Tuesday, September 20, 2005

Change of Tune

by Tom Bozzo

GM's Robert Lutz, March 2005 (from the April 23 NYT, possibly free for Times Select subscribers):
"Everybody thinks high gas prices hurt sport utility sales," said Robert A. Lutz, the vice chairman of G.M., in an interview last month. "In fact they don't."
GM's Robert Lutz, at the Frankfurt Auto Show, September 2005 (from Automotive News, Sept. 20):
GM Vice Chairman Robert Lutz says higher fuel prices, if sustained, inevitably would push Americans toward smaller cars.

"If U.S. fuel prices start equaling fuel prices in Europe, we will have the same vehicle type over time that Europe does - a very large B-class at the bottom with the vast majority of people driving Cobalt-sized cars," Lutz said in an interview at the Frankfurt auto show.
Comments:
And people wonder why I think American industry would be doing much better without executives being picked by their golf handicaps.

He's seen the light; that's why CNBC has been discussing the new Tahoe all day...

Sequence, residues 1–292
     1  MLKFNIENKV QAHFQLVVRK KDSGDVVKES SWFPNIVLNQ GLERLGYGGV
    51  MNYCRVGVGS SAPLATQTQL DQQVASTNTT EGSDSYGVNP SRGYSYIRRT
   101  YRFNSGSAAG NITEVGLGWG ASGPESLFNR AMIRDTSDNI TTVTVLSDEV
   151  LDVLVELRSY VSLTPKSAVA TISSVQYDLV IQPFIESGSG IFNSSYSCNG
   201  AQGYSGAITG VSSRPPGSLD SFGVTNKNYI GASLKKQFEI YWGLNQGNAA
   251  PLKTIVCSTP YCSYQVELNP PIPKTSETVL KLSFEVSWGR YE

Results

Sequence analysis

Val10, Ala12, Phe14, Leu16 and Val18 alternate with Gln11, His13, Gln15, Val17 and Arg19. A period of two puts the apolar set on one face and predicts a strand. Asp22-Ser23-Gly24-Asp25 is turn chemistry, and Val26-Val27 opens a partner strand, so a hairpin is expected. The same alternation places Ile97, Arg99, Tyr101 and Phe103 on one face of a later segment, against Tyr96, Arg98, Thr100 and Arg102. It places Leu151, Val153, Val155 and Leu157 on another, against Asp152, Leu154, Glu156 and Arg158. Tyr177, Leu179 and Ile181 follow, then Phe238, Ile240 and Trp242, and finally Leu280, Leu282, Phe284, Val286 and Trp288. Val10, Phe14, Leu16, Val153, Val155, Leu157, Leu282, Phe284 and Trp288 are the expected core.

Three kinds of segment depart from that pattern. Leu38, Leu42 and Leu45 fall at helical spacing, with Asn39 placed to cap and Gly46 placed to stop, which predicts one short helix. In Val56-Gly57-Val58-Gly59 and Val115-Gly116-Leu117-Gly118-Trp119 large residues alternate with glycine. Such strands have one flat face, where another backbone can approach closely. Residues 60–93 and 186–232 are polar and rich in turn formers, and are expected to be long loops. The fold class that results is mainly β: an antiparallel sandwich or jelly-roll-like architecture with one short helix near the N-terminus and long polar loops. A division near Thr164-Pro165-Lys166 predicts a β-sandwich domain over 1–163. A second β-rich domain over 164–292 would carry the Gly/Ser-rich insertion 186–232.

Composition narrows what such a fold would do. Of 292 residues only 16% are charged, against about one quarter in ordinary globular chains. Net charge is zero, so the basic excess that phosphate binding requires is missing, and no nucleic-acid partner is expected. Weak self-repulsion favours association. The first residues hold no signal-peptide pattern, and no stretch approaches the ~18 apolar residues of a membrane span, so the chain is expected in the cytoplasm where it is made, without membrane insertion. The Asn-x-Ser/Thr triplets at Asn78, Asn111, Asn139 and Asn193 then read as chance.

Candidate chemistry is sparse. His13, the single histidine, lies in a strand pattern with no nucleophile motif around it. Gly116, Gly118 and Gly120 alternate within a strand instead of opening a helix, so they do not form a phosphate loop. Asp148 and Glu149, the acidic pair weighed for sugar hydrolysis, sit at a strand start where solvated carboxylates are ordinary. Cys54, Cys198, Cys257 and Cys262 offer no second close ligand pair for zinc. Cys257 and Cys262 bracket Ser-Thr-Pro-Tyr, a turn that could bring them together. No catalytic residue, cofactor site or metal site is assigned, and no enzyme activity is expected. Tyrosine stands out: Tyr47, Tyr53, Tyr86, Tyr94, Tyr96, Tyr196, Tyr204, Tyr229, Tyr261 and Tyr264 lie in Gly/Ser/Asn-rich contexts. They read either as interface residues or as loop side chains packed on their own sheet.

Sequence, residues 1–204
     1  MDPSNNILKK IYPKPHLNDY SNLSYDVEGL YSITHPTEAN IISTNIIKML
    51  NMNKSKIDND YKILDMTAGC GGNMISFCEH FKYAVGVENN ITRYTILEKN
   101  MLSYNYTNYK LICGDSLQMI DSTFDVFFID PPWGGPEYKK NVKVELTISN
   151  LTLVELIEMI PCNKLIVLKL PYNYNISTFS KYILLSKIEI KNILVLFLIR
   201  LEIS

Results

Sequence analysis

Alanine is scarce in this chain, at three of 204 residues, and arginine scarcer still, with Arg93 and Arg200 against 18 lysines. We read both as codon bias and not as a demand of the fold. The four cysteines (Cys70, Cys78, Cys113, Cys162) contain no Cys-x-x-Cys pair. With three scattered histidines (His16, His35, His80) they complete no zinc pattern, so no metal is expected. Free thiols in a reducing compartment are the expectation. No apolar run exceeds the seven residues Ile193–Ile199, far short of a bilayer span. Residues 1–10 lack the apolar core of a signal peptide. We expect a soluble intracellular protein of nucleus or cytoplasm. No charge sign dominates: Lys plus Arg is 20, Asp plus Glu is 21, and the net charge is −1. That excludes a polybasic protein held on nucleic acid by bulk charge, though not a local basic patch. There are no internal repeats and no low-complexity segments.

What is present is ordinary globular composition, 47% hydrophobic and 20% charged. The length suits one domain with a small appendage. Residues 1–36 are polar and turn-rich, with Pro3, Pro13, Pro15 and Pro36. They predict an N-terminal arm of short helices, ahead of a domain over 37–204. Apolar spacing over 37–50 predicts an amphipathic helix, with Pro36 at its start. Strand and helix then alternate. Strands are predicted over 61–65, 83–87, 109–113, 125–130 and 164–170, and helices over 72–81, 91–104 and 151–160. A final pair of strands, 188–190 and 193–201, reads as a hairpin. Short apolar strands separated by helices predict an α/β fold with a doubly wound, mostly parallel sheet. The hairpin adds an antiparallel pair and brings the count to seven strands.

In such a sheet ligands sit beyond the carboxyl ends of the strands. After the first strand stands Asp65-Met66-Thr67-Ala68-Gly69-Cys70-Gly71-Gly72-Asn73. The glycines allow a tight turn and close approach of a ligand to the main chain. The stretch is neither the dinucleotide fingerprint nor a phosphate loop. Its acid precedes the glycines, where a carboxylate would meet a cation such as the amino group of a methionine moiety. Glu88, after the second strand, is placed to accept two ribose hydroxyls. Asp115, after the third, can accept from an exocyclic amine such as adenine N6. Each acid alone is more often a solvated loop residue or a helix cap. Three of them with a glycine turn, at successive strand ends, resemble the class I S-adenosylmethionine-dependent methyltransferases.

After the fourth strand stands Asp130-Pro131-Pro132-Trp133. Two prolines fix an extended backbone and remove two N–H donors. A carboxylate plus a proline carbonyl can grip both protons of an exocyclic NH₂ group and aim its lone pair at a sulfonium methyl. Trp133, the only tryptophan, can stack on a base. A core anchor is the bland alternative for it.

But the first comment is just so stupid. Of course sustained higher gas prices will change behavior! It takes an idiot not to think that. In sum: Ken Houghton is correct and more concise than I.
 
Ken: I agree with you, though Lutz was not so much an executive hired for his executiveness -- his job ostensibly was to bring "car guy" sensibilities to GM's appliance-selling culture. That, of course, doesn't mean that the sensibilities of a septuagenarian rich guy who owns an ex-Soviet fighter jet are the right ones to tap.

Isaac: Yes. I had provided a slightly extended quote and some critique at the time. Basically, Lutz argued that people who bought GM gas guzzling SUVs were too rich to care about gas prices. Obviously, economics would predict that even the rich evenutally would, to some extent, substitute alternative means of flaunting one's wealth.
 
The American auto exec mentality is crazy. I read today that the Ford exec complained that Japanese auto makers are hogging hybrid auto parts. It seems that GM and Ford have difficulty looking into the future and are still behind the Japanese auto makers. May the best car makers win.
 
Bryan: Damn straight. I'd read that shortages of some components was set to limit Toyota's hybrid production, but insofar as the domestics basically treated hybrids as an annoying fad that they hoped to ignore until high gas prices blew up large SUV demand (at profitable selling prices) -- or in the alternative, got on the bandwagon by licensing technology from Toyota -- they have no standing to complain to which anyone should pay serious attention.
 
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